Predictive analytics is helping healthcare organizations optimize clinical staffing
As the healthcare landscape transforms, healthcare leaders are under pressure to control costs and drive better outcomes. Insurance expansion resulting in rising patient volumes is further straining the ability to provide quality care. Rising quickly on healthcare leadership wish lists is optimizing their clinical staffing. Not only does staffing account for over 50 percent of the operating cost of the average hospital, having the right clinician at the right place and time can also have a significant impact on patient care.
A majority of hospital administrators today schedule based on expected patient volumes and level of acuity. However, the data used for staffing is based on historical trends and can be highly inaccurate, resulting in overstaffing or understaffing, Understaffing can negatively impact health outcomes and lead to patient dissatisfaction. Conversely, overstaffing can lead to medical waste and cost inefficiencies. New value-based care models are driving the need to improve the accuracy of clinical staffing. Successful value-based care models are highly dependent on getting the right clinical staff mix, since achieving cost efficiencies while meeting quality metrics can make or break the model.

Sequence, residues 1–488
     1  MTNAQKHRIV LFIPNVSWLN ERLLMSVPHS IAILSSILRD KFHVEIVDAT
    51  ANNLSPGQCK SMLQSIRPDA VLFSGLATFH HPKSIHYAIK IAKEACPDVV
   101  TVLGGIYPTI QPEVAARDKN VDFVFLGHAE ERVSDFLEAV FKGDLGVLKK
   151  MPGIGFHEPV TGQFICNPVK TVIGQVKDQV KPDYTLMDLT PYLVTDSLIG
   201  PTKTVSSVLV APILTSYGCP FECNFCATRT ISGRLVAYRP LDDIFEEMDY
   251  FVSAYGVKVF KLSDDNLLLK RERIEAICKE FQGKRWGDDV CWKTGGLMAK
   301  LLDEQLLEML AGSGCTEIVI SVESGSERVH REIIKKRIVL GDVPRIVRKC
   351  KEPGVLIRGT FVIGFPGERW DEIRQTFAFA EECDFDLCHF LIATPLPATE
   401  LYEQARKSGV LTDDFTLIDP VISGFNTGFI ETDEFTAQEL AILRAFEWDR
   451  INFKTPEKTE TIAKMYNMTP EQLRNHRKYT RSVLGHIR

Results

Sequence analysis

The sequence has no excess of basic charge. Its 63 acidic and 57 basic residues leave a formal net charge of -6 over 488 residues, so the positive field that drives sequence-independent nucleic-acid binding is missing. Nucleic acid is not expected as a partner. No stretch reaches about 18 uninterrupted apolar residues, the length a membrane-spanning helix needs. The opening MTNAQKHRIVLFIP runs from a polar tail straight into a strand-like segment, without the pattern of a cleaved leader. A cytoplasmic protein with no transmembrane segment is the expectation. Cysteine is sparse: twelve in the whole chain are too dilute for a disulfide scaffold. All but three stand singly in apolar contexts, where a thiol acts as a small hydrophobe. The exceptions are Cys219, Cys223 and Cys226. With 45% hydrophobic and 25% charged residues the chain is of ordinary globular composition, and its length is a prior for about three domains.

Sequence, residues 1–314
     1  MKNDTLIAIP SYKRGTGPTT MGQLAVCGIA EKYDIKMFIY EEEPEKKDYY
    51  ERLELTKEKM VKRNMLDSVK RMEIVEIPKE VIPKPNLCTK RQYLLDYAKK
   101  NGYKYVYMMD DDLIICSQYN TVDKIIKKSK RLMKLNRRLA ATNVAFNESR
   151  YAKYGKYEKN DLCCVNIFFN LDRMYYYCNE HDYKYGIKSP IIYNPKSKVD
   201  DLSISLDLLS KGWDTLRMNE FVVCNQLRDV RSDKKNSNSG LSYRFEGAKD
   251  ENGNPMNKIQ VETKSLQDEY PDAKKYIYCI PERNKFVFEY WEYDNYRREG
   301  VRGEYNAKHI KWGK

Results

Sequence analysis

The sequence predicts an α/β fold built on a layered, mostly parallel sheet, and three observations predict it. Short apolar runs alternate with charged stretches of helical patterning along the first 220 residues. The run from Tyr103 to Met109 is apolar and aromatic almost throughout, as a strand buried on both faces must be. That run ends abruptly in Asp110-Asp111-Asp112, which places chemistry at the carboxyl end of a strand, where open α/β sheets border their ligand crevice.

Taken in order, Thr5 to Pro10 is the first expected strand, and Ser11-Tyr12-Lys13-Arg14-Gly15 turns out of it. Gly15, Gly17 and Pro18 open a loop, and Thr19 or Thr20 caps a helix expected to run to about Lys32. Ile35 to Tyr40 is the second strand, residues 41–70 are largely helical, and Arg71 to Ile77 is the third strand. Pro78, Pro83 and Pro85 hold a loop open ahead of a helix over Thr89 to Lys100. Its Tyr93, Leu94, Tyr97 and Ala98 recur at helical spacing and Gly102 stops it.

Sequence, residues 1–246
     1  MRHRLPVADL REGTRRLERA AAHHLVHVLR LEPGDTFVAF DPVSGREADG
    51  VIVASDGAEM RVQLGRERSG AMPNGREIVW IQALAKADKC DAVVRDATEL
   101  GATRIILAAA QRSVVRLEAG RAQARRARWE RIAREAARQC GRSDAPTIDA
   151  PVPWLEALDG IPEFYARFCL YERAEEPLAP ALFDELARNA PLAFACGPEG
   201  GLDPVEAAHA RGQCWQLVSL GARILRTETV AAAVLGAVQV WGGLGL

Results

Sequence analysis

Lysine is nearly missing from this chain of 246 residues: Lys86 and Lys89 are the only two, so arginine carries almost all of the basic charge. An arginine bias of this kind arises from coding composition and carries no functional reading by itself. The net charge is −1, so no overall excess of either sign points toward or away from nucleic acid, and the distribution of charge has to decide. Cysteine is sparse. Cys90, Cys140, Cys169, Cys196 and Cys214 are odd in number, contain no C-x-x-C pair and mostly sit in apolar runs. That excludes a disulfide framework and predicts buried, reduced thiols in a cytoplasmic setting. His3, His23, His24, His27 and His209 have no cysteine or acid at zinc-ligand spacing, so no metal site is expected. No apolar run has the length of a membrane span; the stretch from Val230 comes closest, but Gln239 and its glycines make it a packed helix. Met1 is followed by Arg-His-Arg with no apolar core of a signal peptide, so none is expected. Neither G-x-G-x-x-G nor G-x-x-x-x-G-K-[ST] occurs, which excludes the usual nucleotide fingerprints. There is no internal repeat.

In the past few years, the advancement of predictive analytics has improved hospital staffing. Predictive analytics can enable hospitals to accurately predict patient demand, staff the appropriate clinician, anticipate point-of-care needs and improve the scheduling process. An optimal staffing predictive model should aggregate data from multiple sources to capture insights from wait times, staff competencies, demographics, historical trends, holidays, geography, seasonal conditions, patient patterns, acuity levels and so on. Models can also incorporate local factors that can cause a spike in ER visits such as sporting events or weather.
As an example, PinnacleHealth (a 577-bed hospital in Harrisburg, Pennsylvania) was challenged with maintaining an optimal clinical staff-to-patient ratio and was often overstaffed at its nursing stations. The hospital would anticipate a high level of patient volume that did not materialize. Conversely, when PinnacleHealth was understaffed during an unanticipated patient surge, it had to pay overtime to maintain ideal staff-to-patient ratios. PinnacleHealth is projecting that a substantial reduction in overtime hours should result in a significant ROI/cost savings.